Crunching gravel beneath tyres on the Rainbow Road takes me North from the city, following rivers into mountain valleys. I cycle with a canadian guy called Adam, sharing world views and stories. We forage for roadside snacks of blackberries, apples and peaches, finding time in the evenings to make pies on perfect wild camps. We go separate ways in Nelson and in the Abel Tasman national park, where dense forests meet pristine seas, I find a new appreciation for golden beaches, clear waters and a world void of roads. With a continuing scorching summer the National Park feels alien to New Zealand’s rugged realism, more suited to a Caribbean or Mediterranean holiday brochure. After a utopian end to the South, The Interislander floats me through Marlborough Sounds and Wellington welcomes me to the North Island.
The North Island tempts with the lure of volcanoes, cave adventures, skydiving, thermal springs and the desert road, however I opt to cycle the wild East Cape, a rugged world of sustainability and a real world of Maori culture in a landscape of the quirky social comedies of Kiwi film. Roadside fire warnings rise to “extreme” as the government instates an official drought warning and once lush rolling green hills now stand in dusty shades of golden brown. Farmers break from trimming their hot sheep to discuss the lack of feed and the falling weight of their stock, decreasing meat prices and securing a bad economic year.
Cycling beyond Hastings, State Highway 2 begins undulating between modest bays separated by agricultural hill ranges of corn and maize. Gisborne is the last town with supermarkets, the traffic disappears and Highway 35 leads around the coast. The sky compassionately agrees with the moody landscape, wearing heavy tones of grey as I traverse dystopian towns with abandoned buildings, boarded windows and weathered signs on beaches of scattered driftwood and tsunami warnings. Occasionally the waft of wild goat floats into my nostrils before they reveal themselves in the road around the corner, I smile with memories of Central Asia and Tibet where every meal seemed to involve these smelly creatures. As evenings draw in I ask at houses for drinking water and find myself welcomed in to converse over tea with elders of the communities. Youthful minds and eyes speak through ageing faces. The season continues to offer its virtues as garden harvests of peppers, kumaras, chillies, cucumbers, tomatoes, fijoas and lemons are offered to me daily before I leave to perfect camping spots on cliff tops or overlooking mountains. My camp cooking is improving with these improvised ingredients and I sleep well in cooling nights. Mornings find me visiting local Marae’s, chatting with young children at Maori language schools and collecting walnuts and oranges from the gardens for snacks through the day.
Continuing around the coast, the undulations become more severe as the weather’s temperament becomes less predictable, as I cycle along the edge of the international date line I begin to tire of climb after climb, resting only to change into rain wear and back every fifteen minutes. Standing by the roadside, tucking my waterproof under a bungee cord, I hear the most beautiful tones of high and low voices, harmonising from a nearby Marae. I follow the sound, lean my bike against a van and walk across the field to a group of school children. Nobody speaks to me after the singing finishes and I make my way to the front of the congregation. A man in his forties approaches me and I explain hearing the beautiful singing and wondering what the occasion was. As tears well in the man’s eyes he explains in a broken voice of losing his brother and that unless I’m a friend or relative then I shouldn’t be at the ceremony. My heart sinks as I walk away, thinking both of the lost sibling and of my insensitivity to local customs. I rarely impose myself upon a situation and on this occasion I chose a bad time to do it.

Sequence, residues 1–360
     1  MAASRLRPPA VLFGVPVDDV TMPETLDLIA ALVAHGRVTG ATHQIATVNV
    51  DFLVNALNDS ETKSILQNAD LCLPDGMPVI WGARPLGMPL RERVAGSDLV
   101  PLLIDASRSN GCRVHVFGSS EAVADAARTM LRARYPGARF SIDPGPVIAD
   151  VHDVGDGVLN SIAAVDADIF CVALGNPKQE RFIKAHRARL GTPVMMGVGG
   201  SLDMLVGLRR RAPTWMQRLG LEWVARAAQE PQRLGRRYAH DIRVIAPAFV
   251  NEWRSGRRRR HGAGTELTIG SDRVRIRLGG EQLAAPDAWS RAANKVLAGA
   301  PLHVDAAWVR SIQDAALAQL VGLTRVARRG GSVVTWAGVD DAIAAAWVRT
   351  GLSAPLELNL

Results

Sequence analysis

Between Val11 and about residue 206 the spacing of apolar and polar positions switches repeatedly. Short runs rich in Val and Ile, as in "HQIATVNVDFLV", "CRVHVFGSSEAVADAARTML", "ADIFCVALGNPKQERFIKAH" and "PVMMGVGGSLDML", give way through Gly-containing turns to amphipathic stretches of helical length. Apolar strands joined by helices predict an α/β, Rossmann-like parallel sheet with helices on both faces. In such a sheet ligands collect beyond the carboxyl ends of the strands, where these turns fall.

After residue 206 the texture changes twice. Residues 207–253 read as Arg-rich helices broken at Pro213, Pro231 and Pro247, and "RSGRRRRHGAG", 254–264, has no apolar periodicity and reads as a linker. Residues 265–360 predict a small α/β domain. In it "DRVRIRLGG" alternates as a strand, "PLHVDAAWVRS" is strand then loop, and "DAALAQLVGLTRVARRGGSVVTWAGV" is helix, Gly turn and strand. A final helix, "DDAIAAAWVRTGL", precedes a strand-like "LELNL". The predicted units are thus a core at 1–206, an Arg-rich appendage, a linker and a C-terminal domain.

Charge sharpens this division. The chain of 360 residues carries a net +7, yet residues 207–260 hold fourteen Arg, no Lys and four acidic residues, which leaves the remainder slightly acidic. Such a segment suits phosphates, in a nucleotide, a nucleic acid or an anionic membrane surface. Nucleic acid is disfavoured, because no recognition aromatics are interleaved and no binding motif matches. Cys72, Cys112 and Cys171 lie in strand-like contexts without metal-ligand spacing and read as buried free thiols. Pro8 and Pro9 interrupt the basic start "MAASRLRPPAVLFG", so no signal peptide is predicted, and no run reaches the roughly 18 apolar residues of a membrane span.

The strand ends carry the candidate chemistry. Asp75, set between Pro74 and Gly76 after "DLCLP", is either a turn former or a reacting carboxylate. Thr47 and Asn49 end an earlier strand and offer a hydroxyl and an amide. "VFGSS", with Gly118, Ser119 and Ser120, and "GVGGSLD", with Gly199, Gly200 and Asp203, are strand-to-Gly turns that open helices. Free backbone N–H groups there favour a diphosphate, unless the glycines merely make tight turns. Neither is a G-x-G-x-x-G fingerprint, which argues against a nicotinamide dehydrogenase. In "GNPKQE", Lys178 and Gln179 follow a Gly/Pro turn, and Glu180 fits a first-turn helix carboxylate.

After a week in the rugged East Cape, the weather picks up and my spirits are high as the roads level out and I cycle sunny coastlines overlooking a distant active volcanic island. I randomly join the Edwards family for an Easter weekend of Stand Up Paddling, games in sand dunes, barbecues and outdoor baths. The feeling of belonging continues in Hamilton as I meet up with Ashley, who I cycled with through parts of Turkey and Iran over two years before, catching up and remembering days in the deserts.
After three months cycling beautiful New Zealand, the Sky Tower of Auckland grows from the horizon, a great dirty needle penetrating the sky. I cycle familiar street names through suburbs of memories, to the museum in the domain where I sit on the grass and reminisce over the skyline. In 2006 I left England to begin travelling, landing in Auckland after a 25 hour flight from London. Cycling into that same world, this time after almost three years on a bike, I feel truly on the other side of the world, my heart beats in my throat as emotions run high. Past the hospital, and over the motorway I cycle into Cross Street, a strip of concrete car parks, a swingers club, lines of hookers, dark corners and the warehouse above which I once lived. Around the corner on K Road the adult shops stand proud and rough where questionable women in short dresses and high heels heckle as I pass the Vegas Girl Strip Club. Beneath flash new facades of posh suburbs, Auckland hasn’t lost her grit. On Putiki Street I open the door to the production studio where I used to work, the air of fresh coffee and creativity fill my head as seven years on I see familiar faces. I’ll stay in this home away from home for a while looking for a flightless way to travel on. Plans are evolving and changing from the route I originally set out to complete. I’ve been talking with sailing crew at the docks about possible positions on yachts, there might be a chance to work as a deck hand on a small boat, a term in the Kiwi accent that is pronounced “dick-hand”. I ponder the lengths I would go to to continue my travels…